Turn it up! Time for honesty in harness racing

Here is what is going to be in this week's column.

It will be open and honest conversation about the harness racing that will be held in the South Island over the latter part of the week.

I will probably offend a few owners and a few clubs.

And it will probably be cried down in some corners as being negative.

Harness racing will be the focus because, though what I am about to discuss affects both codes, I believe harness racing is in a much worse state because of it.

Before I start, if I could say one thing about what I am about to discuss it would be that it is a constructive conversation that I think needs to happen.

Let's look at the fields for the southern meetings at Addington last night and Gore on Sunday.

I will focus on Gore, where the fields are packed with older, out of form, has-been type horses.

The kind of types that deserve to be on the track and who will make some owners jump for joy when they win, but do very little to inspire the interest of harness racing fans and punters.

Here is the problem with that.

Harness racing now has a climate that actively encourages the racing of these types.

We know this; it has been written about extensively.

The problem is that harness racing turnover is declining.

Last week's announcement that RITA guaranteed the same level of funding for the racing codes was a godsend.

Because, if it was based purely on turnover, this season's funding would have dropped.

Why has turnover declined?

I believe the current state of harness racing fields across New Zealand is to blame.

The combination of the handicapping system and the pay-all-starters mentality has had a bad effect on the interest in our races.

Fields are simply not as attractive to bet on as they have previously been.

Low-class, slow horses simply do little to foster the interest of the punter.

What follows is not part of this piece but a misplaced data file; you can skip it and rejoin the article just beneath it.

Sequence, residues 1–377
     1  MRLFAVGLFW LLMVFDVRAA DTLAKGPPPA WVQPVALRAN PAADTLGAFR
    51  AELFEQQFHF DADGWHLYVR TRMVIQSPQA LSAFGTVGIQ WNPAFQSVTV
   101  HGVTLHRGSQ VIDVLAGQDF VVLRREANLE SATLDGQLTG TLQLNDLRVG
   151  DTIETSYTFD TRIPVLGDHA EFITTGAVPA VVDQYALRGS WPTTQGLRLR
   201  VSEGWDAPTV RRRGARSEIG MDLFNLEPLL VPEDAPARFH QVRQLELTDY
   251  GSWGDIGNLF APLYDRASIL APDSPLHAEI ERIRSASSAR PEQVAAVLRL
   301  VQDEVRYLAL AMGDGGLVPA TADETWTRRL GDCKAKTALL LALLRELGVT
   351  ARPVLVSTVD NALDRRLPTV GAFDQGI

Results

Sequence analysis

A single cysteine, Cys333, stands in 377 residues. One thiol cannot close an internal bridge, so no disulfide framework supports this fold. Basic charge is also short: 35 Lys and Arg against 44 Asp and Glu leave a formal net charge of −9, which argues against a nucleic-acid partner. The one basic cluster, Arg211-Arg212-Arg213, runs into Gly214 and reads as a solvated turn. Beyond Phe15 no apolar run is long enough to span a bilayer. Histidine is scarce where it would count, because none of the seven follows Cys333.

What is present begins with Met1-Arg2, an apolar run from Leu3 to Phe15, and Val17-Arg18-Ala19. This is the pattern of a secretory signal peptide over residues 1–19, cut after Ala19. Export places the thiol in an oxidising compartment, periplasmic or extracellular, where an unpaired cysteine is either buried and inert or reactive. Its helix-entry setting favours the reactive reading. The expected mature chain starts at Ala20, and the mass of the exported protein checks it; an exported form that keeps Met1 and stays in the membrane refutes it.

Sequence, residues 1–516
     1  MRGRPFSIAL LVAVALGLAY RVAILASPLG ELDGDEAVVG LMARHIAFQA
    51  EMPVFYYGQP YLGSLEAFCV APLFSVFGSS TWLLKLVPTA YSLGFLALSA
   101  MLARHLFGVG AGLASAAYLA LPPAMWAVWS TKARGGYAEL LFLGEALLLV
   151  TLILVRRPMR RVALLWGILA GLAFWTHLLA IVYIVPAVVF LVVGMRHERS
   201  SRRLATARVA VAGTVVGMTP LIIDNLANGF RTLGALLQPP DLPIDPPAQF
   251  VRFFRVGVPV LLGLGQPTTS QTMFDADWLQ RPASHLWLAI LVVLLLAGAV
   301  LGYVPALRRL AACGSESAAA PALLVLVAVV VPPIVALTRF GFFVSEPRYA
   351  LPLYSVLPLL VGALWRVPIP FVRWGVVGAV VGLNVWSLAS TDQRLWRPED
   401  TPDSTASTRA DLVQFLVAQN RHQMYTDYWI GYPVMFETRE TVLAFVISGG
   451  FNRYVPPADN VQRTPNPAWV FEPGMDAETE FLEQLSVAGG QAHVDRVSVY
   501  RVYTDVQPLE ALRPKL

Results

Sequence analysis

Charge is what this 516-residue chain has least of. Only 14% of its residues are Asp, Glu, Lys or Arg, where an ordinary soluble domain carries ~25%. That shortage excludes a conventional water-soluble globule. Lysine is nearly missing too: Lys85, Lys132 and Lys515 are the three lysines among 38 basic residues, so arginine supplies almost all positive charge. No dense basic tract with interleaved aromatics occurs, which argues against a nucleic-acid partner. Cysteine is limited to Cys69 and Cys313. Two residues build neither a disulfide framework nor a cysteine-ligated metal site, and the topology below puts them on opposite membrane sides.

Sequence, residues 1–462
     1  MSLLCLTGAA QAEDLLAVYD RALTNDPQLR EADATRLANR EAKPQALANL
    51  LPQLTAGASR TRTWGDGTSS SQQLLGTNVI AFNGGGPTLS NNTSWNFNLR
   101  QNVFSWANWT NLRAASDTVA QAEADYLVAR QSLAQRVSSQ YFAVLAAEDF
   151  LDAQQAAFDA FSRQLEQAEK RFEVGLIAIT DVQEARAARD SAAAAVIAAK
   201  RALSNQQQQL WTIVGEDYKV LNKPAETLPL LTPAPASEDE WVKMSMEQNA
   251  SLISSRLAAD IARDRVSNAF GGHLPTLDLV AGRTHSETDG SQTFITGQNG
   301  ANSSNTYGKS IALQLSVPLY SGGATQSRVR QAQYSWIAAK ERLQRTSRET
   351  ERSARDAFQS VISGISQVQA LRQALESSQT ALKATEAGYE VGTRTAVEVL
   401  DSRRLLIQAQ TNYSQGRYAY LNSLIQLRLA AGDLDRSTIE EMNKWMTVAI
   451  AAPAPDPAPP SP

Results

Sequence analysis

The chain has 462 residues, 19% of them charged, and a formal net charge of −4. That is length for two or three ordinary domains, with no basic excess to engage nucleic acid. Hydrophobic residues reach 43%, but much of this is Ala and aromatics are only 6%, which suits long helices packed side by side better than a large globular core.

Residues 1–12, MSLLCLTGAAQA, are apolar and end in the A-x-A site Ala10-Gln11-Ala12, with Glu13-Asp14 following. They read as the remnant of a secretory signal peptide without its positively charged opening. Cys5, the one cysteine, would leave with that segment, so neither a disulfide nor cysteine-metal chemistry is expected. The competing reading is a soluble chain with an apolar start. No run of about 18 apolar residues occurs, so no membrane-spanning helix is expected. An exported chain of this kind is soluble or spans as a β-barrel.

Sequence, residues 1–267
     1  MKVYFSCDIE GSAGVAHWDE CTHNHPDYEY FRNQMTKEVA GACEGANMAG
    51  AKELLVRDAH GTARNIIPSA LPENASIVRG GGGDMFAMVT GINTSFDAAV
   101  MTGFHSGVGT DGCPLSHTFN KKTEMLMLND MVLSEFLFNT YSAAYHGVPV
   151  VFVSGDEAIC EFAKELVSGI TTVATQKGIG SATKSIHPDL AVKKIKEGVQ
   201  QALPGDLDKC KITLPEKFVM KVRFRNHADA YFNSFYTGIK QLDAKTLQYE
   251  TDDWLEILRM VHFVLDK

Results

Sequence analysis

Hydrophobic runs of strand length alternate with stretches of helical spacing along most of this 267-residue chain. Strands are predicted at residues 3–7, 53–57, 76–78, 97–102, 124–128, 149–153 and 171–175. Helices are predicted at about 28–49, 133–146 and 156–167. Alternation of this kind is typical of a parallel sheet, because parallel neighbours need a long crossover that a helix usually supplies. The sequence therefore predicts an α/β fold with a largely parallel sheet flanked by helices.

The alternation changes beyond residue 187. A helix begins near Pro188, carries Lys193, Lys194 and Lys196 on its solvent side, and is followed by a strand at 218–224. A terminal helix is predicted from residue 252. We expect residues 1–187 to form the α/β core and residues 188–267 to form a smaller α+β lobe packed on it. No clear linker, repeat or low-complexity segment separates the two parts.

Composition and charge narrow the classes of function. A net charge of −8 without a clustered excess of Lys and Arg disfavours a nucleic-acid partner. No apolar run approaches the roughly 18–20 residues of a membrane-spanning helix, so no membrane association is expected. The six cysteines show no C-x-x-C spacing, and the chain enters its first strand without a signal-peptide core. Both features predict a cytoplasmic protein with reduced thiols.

It may not even be a case of how fast or slow some of the current crop of horses are. It is more a case of how the current collection of has-beens have stagnated harness racing fields.

A glance at the fields is simply not as interesting as it used to be.

The refreshing of the horse population has slowed. Trainers tell me that is because looking after older horses has slowed the progression of younger horses.

There are other factors affecting today's stagnant fields, like declining foal crops - I would certainly admit it is not just handicapping which is the problem.

But, with fewer horses being born, surely harness racing needs to foster the development of every new horse.

The question is: when will the industry stand up and demand change?

Individuals are constantly telling me they desperately seek change. But the bodies that represent them seem to be ineffective in making it happen.

It feels like the national trainers and drivers association and the national handicapping committee are failing the industry.

Nearly every person I have spoken to about the current state of handicapping and programming detests the current system - and I talk regularly with a large cross-section of the South Island's horse people.

The chorus of boos is too loud to suggest that the majority are happy and support the system in its current form.

Some call for an overhaul - not me. I understand the need to pay starters and for a ratings-based system.

What I support is minor change that creates better opportunities for progressive, young and new horses.

I wonder if I will ever see it?


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